Once upon a time I was queried by an author who was looking for eco experts to comment on a book she was writing about natural parenting. She wanted to know how to plant a garden for a new eater so that the little veggies would come up at the same time as the child’s budding incisors. And here’s what I thought: What the f*ck?!? Has this woman even had a child?
Are you having natural sex? You might think so, but you’re probably wrong. Take lubricant, for example. Whether it’s coconut cream or mango delicious, that tube you stashed in your nightstand is probably chock-full of parabens, hormones, silicones and petroleum by-products which can cause irritation that makes you more susceptible to decidedly unsexy yeast infections. Ick. So what about toys? C’mon, don’t pretend you haven’t tried them once or twice—or thrice. Since Shades of Gray came out, they’re practically selling sex toys at Barnes & Noble. But they also can be pretty toxic.
From plug-ins to sprays, synthetic air fresheners are bad news. Chock-full of toxic ingredients, they typically contain phthalates linked to obesity and other problems, as well as potent allergens that lead to fragrance allergies—a condition that affects 34 million people in the U.S. That’s why when I heard about this new campaign from Women’s Voices for the Earth, I knew I had to share. The campaign targets Glade air fresheners and employs some of the cutest babies I’ve ever seen as messengers. If SC Johnson can use cute babies to sell products, why can’t we use them to let people know about the air-polluting fragrances that are in their products?
My kids are sick of healthy eating. They don’t want organic soybean butter and Farmer’s Market fig jam sandwiches, they want Lunchables: crackers, processed cheese, salty disks that pass for lunch meat and a whole lot of chemicals wrapped up in a plastic box. My younger daughter confessed she dumps the organic carrot sticks the trash (and I thought the ranch dip was decadent). My oldest has been trading her edamame for candy. Forget the veggie chips I carefully stowed in wax paper bags—heaven for these children would be to open up their lunch boxes and spy a bright-orange bag of Flamin’ Hot Cheetos.
I used to have a thing for diamonds. Maybe it was too many afternoons eating popcorn and watching old VHS movies — Marilyn in the pink dress; Audrey in the oversized sunglasses — or maybe it was just the fairy-tale scenario that little girls seem to be steeped in since birth. In any case, I brandished my great-grandmother’s single solitaire diamond with pride through high school and college, until the day my husband and I decided — on a whim, after two weeks of knowing each other, at the ripe old age of twenty-five — to get married, and it became my official engagement ring. I’m still pining for the…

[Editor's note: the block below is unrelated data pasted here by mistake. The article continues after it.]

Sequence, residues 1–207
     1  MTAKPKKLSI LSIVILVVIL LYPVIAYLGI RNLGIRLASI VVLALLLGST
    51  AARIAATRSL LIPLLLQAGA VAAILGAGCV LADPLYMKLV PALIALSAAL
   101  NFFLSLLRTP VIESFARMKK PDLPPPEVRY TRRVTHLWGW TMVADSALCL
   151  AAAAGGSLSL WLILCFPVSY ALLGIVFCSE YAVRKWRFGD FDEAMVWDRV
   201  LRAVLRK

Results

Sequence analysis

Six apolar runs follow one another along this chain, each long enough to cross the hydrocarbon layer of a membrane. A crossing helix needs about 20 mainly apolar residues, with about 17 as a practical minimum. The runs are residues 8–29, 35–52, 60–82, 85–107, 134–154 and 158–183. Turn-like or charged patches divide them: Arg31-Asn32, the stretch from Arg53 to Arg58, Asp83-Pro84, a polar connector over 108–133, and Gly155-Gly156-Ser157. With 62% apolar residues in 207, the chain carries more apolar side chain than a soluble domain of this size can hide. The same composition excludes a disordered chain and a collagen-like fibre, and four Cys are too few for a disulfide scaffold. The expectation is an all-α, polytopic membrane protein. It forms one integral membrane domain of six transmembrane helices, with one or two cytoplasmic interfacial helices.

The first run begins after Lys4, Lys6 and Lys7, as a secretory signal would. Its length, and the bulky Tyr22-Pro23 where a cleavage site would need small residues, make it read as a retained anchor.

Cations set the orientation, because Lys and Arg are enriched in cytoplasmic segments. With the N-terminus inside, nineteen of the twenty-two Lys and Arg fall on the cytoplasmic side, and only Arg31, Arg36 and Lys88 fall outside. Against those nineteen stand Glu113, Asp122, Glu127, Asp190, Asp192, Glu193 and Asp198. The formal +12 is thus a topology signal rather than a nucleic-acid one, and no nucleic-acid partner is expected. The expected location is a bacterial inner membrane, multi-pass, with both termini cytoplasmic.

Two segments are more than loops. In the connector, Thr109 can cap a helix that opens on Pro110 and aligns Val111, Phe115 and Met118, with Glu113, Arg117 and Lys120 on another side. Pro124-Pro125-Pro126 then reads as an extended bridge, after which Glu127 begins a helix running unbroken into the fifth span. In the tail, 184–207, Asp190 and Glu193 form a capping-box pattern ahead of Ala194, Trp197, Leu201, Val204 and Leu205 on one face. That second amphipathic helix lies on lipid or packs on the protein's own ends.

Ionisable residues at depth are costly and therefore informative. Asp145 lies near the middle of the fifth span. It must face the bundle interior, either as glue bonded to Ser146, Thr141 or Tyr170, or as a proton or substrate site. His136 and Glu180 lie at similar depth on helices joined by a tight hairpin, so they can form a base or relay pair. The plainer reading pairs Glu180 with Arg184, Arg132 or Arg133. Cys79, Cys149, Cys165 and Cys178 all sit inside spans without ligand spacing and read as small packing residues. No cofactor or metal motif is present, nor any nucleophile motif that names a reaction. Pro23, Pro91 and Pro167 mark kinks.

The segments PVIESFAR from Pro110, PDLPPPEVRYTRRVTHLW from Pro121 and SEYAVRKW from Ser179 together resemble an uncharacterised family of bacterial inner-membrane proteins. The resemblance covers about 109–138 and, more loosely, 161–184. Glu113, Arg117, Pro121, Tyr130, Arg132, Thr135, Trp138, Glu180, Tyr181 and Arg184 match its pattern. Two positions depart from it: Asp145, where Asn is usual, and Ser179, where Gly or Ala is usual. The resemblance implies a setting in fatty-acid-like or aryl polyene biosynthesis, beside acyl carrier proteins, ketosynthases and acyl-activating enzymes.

What is fracking? Here’s the short answer: Hydraulic fracturing, also known as fracking, is a drilling practice that calls for injecting millions of gallons of a toxic mixture of chemicals, water and sand into the earth in order to create enough pressure to cracks open rocks and release oil or natural gas. And here’s what you need to know: 1. The nearly 600 chemicals used in fracking include known carcinogens such as benzene, toluene, ethyl benzene and xylene, among others, which can leach into drinking water.
After a flirtation with auburn hair color in high school and some serious bleach in college, I went au naturale. But recently, the few-and-far-between white hairs that I began to pluck in my mid-30s are now threatening to become a bald spot if I keep up the practice. It’s time for natural hair color. Natural hair colors typically eschew coal tar, peroxide, benzene, ammonia, toluene, paraphenylenediamine and other toxic chemicals omnipresent in conventional hair dyes—things that I most definitely want to avoid. Even the FDA warns that conventional hair dyes can cause respiratory problems, hair loss and skin irritation—among other problems.
Can a rubber ducky make your kids fat? A 2012 study found a connection between a chemical found in PVC and kids’ obesity: Children with the highest level of the common phthalate di-ethylhexyl phthalate (DEHP) in their blood were nearly five times as likely to be obese as children with the lowest levels. But what are phthalates? These chemicals, also known as plasticizers, are used to soften plastic. (Want to know why that your old ball gets brittle? That’s because phthalates have leached out of it.) They also serve to help personal care products penetrate the skin, as well as preserve synthetic fragrances.